• Leading Geeks education + consulting New Client Relationships: What to Do After They Say Yes 2 complex and conflicting emotions. It’s especially difficult because their conflicting emotions are about you. Find out what a real win looks like for your client The first thing you need to do to earn your client’s trust is to find out what their real goals are for your work. To do this, you need to know what their unarticulated goals are, and so do they. Then you can set about delivering a “quick win,” making sure that it benefits your client rather than for you. All too often in the traditional “quick win” approach, the “win” is defined by meeting your goal of showing how good you are at delivering on the client’s request rather than delivering on what’s truly important to the client. As George from the story above discovered, great deliverables show how skilled you are and capable you are at following directions, but not how effective you are in helping make things better. If you want the client to know that you really care about delivering things that actually help them, your first step is to find out what’s really important to them. To do this, you need to ask some questions. This doesn’t have to be some long, deep conversation. If they really do know what their goals are, these conversations go rather quickly. If they don’t know, it will open a dialogue between the two of you that will lead to important answers for you both. 1. Tell your client that you want to get a better sense of the context for the project. Explain that doing so will help you make on-the-fly decisions down the line that support her goals. 2. Ask questions that get at the story behind the project.   What do you hope each stakeholder will say when it is done?  What benefits will you personally experience when this is done well?  Who could prevent this project from becoming a success? Why would they do so?  Tell me the story of how this project was conceived and approved.  Is this project solving a problem that is part of a larger problem?  3. Who will benefit most from this project? Finish this sentence for me: We will know we spent our money well when … Using inductive reasoning, make inferences about what is most important about the project.   4. to the client personally to the larger organization Verify with the client your summary view of the project priorities, so that the client can Copyright 2013, Leading Geeks Company. | www.leadinggeeks.com | 310-694-0450 7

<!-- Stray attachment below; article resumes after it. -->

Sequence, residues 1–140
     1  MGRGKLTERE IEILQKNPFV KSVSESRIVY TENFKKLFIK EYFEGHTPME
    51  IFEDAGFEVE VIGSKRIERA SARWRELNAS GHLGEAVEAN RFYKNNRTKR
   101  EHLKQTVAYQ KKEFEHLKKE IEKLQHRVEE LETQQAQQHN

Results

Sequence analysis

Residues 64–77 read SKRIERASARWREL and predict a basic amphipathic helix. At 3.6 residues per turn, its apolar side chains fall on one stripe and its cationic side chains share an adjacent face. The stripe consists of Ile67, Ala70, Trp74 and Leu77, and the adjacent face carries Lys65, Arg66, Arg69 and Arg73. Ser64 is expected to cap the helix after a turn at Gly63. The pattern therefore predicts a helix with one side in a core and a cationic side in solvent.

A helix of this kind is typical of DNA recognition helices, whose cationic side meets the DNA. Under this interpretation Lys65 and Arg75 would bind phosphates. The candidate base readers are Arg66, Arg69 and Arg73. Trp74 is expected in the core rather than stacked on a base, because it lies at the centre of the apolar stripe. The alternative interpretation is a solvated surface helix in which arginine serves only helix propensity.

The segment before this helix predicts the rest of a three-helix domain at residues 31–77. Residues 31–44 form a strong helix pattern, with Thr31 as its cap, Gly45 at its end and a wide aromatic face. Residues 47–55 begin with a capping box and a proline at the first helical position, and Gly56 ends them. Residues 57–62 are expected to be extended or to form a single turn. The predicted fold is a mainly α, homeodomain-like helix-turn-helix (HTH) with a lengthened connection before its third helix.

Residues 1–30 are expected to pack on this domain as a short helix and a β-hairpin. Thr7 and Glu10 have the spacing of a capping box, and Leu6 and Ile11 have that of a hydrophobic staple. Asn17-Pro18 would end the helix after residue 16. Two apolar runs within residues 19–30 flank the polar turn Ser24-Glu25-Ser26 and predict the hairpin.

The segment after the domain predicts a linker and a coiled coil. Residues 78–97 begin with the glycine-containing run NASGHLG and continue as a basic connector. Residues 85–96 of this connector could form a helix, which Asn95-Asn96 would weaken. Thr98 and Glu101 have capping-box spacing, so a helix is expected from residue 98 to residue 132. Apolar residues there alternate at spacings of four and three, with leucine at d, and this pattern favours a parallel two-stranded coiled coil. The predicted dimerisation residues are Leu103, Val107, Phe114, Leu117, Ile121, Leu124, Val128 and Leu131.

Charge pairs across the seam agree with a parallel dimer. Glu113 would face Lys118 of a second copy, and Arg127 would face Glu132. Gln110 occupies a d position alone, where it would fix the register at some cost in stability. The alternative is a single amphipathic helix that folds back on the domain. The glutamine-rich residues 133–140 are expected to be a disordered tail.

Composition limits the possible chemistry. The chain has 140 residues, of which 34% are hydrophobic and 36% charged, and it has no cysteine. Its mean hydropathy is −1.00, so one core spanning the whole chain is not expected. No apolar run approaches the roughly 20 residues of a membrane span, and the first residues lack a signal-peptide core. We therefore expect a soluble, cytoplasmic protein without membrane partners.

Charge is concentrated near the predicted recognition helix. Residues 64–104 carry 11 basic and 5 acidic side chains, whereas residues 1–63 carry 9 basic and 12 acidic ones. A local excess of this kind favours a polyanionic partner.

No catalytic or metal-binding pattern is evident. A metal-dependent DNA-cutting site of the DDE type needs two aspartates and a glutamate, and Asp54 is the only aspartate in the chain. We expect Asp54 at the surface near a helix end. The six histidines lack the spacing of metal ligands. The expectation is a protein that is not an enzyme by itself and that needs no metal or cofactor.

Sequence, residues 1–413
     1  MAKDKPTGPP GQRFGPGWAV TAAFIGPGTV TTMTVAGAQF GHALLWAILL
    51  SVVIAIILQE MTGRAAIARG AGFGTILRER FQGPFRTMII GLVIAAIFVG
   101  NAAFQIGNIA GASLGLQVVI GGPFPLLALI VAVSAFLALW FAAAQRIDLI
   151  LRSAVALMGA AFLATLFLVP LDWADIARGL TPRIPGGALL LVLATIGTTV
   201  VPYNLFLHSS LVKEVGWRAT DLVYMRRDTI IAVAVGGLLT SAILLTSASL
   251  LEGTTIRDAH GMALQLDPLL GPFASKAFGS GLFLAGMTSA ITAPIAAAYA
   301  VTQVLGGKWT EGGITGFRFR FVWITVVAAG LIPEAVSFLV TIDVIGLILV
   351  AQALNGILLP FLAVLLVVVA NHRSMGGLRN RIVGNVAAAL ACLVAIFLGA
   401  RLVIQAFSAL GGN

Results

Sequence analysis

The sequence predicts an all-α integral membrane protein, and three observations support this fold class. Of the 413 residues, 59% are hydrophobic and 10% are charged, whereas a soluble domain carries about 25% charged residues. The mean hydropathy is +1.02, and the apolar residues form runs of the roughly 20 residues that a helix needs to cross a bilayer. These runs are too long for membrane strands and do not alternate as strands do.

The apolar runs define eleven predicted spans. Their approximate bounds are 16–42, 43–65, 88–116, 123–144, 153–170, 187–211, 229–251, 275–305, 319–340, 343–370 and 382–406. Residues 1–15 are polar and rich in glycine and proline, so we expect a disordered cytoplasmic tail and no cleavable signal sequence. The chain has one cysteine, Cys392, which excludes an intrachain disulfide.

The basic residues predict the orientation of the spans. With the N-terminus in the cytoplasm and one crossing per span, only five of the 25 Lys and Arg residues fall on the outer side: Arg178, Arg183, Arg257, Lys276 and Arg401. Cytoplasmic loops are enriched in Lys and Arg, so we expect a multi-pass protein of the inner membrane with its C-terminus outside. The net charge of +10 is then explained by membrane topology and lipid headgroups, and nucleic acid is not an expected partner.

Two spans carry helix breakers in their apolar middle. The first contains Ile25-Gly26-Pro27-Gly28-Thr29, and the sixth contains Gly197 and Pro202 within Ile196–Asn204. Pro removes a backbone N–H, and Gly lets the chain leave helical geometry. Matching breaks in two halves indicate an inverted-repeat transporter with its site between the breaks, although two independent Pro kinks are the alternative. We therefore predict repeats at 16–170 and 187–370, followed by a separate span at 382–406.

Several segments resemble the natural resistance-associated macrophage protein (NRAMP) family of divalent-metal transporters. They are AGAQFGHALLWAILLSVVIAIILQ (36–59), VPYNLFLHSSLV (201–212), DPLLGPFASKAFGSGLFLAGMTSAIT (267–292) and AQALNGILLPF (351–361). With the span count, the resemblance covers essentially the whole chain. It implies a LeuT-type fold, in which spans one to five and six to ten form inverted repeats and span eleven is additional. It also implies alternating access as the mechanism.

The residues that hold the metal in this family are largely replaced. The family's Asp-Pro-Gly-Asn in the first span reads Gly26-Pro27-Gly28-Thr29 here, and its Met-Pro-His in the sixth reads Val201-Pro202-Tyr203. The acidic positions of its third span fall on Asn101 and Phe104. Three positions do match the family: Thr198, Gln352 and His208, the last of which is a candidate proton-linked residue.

• Leading Geeks education + consulting New Client Relationships: What to Do After They Say Yes 3 agree, disagree or elaborate. Suggest changes to your deliverables if necessary Remember that there might be official priorities and unofficial priorities, and you have to keep track of them all. Once you get answers to questions about what will make your client successful, evaluate whether what they explicitly asked for will really give them the best outcome possible. You need to decide what you believe will give them the best outcome based on:  Your understanding of their goals  A realistic assessment of their financial, technical, time and political constraints  Your knowledge of the technology  Your assessment of your abilities  Your assessment of their team’s abilities Usually, this exercise results in some minor tweaks to the job at hand. Occasionally, it may result in a project cancellation or a complete redesign of the work. Of course, there is a small risk that the client won’t need your services once you point out that what they asked for isn’t viable. But it rarely happens, and even when it does, they usually find another problem for you to tackle. There’s no one they trust more than a consultant who is willing to make recommendations that are contrary to her own shortterm self-interest. In addition, once your client knows that you're working on the right things, those that make the biggest difference for them, they will feel more at ease. By ensuring that they know that you clearly understand their priorities, you've already gone a Clients with too much hope are dangerous After reviewing all the negative feelings and fears new clients have, you might be tempted to think that clients without fear are much better to work with, but in fact, the opposite is true. The new clients with 80+ % hope and little fear are in fact the most dangerous ones to work with. They have fantasies that you can never fulfill and delusional ideas that you are some kind of superhero who can do anything. Inevitably they become disillusioned and irate. This often happens when they feel most desperate for your help. They are looking for someone to save them from some terrible trouble. When they hire you, they see you as superhuman until you demonstrate that you are merely mortal. Then their view of you instantly transforms from hero to deceiver-idiot-devil. You let them down in their moment of need and they feel awful for having their dreams crushed. They hate you for being mortal and feel ashamed that they ever trusted you. Copyright 2013, Leading Geeks Company. | www.leadinggeeks.com | 310-694-0450 8